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STATEMENT OF THE ASSOCIATION OF AMERICA'S PUBLIC TELEVISION STATIONS
Mr. Chairman and members of the subcommittee. Thank you for the opportunity to provide testimony to this distinguished committee on behalf of the appropriation request for the Corporation for Public Broadcasting for Fiscal Year 1994.
It is now universally recognized that education in America must be improved if we are to be a happy and prosperous nation, able to compete in the new global economy. America's 342 public television stations have long been committed to providing quality educational programming to schools, homes and the workplace.
Mr. Chairman, we can help meet the challenge. America's public television stations can harness the power of telecommunications to reach this nation's underserved populations with formal and informal educational programning and services that will provide a better quality of life— especially for the disadvantaged.
After a year-long study involving community and professional leadership, public television has drawn up a five-point strategy, which addresses some of America's greatest educational and social concerns. We are requesting additional funding for public broadcasting in FY 1994 so that we can begin to implement this strategy, which will:
1. Expand community partnerships; use programming to stimulate community action on
3. Develop new services for preschoolers which impart positive family and social values.
5. Develop programming and expand outreach initiatives to increase citizen participation in the democratic process.
Federal support for this initiative is essential. Public television's current funding levels from federal and community sources are already fully committed toward fulfilling existing mandates. We request this subcommittee to appropriate $355 million to the Corporation for Public Broadcasting in FY 1994.
The federal government's appropriation to CPB and other federal grants and contracts account for 16 percent of public television's total revenue; and this 16 percent is the keystone of public television's diverse sources of income. The federal dollar not only indicates congressional and national support for public television, but also acts as a magnet drawing approximately six nonfederal dollars into the public system for every federal dollar appropriated to CPB. The federal contribution is an essential catalyst for this exemplary public-private partnership.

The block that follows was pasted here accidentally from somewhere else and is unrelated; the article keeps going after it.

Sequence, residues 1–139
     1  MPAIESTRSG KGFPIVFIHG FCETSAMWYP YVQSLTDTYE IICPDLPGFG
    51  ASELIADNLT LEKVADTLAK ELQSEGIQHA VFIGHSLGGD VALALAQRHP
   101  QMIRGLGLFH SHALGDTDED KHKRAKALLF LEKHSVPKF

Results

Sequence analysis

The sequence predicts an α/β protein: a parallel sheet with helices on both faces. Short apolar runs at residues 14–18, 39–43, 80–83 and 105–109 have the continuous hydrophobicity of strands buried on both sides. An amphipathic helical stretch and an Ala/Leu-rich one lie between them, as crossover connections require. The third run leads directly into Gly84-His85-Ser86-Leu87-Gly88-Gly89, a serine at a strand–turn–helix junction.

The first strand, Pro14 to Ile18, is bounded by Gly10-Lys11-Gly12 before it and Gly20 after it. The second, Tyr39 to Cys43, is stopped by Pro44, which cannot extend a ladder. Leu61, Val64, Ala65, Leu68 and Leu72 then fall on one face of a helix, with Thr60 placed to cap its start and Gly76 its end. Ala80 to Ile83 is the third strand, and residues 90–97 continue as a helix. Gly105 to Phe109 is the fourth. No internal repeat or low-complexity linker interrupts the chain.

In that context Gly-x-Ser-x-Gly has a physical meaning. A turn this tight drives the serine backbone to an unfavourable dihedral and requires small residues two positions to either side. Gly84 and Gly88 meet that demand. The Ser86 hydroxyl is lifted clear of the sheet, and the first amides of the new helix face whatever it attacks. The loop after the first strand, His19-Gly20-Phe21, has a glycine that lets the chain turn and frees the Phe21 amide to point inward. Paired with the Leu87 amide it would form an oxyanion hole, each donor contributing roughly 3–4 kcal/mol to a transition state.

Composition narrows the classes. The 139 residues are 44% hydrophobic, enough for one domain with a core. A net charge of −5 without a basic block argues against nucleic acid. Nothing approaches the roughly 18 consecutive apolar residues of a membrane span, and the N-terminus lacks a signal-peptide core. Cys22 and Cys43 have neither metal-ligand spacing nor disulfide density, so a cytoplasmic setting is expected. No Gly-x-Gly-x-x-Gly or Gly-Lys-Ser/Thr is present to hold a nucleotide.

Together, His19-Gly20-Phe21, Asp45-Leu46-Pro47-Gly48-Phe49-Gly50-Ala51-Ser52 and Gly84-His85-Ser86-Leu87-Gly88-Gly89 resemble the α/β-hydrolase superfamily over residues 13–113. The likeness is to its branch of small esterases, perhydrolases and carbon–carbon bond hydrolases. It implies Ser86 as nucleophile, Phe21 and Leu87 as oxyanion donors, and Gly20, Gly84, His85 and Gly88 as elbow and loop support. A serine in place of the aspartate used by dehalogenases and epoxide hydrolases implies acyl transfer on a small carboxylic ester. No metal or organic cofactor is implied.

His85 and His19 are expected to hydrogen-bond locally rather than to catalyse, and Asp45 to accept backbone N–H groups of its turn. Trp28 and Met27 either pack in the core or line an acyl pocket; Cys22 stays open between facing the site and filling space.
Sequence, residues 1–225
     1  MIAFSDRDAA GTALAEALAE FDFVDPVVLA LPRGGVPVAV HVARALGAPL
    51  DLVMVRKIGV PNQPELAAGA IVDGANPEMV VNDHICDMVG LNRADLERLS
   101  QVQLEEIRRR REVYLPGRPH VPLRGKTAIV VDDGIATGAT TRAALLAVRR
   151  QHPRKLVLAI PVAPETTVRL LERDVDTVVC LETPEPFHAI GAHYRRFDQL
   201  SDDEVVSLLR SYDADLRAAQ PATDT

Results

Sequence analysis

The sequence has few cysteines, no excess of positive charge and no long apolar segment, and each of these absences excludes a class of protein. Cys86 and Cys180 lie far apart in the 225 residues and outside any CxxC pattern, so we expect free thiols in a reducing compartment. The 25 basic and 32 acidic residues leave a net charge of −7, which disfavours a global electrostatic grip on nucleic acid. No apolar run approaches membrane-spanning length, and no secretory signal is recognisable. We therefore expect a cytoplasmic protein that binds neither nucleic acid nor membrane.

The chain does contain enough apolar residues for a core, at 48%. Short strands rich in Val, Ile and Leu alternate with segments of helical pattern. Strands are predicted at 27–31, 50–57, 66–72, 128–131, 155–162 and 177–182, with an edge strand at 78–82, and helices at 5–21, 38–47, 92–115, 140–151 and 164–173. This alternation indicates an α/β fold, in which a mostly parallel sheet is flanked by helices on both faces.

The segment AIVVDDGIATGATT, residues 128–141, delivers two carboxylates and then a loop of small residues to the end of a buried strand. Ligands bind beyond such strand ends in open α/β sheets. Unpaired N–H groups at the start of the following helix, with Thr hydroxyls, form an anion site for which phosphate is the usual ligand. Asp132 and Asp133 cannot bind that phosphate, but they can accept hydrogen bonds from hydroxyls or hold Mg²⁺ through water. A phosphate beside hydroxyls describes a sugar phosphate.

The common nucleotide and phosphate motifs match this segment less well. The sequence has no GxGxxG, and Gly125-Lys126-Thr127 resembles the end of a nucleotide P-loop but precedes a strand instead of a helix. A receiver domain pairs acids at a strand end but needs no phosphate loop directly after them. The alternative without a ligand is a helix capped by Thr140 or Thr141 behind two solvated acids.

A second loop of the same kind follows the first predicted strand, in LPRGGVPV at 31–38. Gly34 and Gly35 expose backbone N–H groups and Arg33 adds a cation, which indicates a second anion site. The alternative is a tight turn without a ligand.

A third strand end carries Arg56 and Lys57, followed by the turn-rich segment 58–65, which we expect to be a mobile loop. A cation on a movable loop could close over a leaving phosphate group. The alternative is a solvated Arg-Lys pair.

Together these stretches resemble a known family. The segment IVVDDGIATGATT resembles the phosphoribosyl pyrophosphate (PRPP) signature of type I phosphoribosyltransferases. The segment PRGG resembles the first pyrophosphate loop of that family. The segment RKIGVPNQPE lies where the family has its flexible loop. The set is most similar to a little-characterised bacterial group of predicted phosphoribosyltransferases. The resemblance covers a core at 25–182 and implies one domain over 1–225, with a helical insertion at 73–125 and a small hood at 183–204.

Public television's commitment to preschool children has been at the core of its service for more than 20 years. A whole generation of children has grown up watching Mister Rogers' Neighborhood, first broadcast in 1967, and Sesame Street, first seen in 1969. More recently, abandoned by the commercial network he had served for more than a decade, Captain Kangaroo has found a new home on public television-where he can continue to bring his inspirational messages to young children.
Local stations today are looking at ways to provide programming directly to childcare center, We want to help prepare children workers and to help answer parents' questions about their children's growth and development.
Seventy-two percent of public television licensees broadcast instructional video programming pecifically for use in elementary and secondary school classrooms; others distribute programs for ecording by teachers or by prerecorded cassettes. During the 1989-90 school year, public elevision reached more than 29 million students in 69,000 schools.
Many Americans working toward college degrees cannot get to campus on a regular basis; more han 30 percent of enrollees are older than 24 years. Students enrolled in the PBS Adult Learning Service program can earn credit for courses at more than 1,800 colleges and universities. Currently, about 265,000 students are enrolled in these courses-which makes for a very large college. In addition, of the 3,000 colleges and universities nationwide, 2,500 use Annenberg/CPB project course material.
n addition to the CPB appropriation, we urge this committee to fund the Department of Education's Star Schools program at $50 million in 1992, as proposed in Senate bills S. 2, ecently reported by the Committee on Labor & Human Resources, and S. 890, introduced by Senator Kennedy and seven cosponsors on April 23. Public television's Satellite Educational Resources Consortium (SERC), a beneficiary of Star Schools funding, is a model for the new generation of instructional television that lets students interact with instructors thousands of miles way.
Public television stations also request funding of $1 million for the Descriptive Video Services Prograin (DVS), a project from the WGBH Education Foundation in Boston, which makes elevision programs accessible for the blind and visually impaired. Using the same technology hat makes DVS possible, public TV is pioneering in the simultaneous broadcasting of second anguage soundtracks.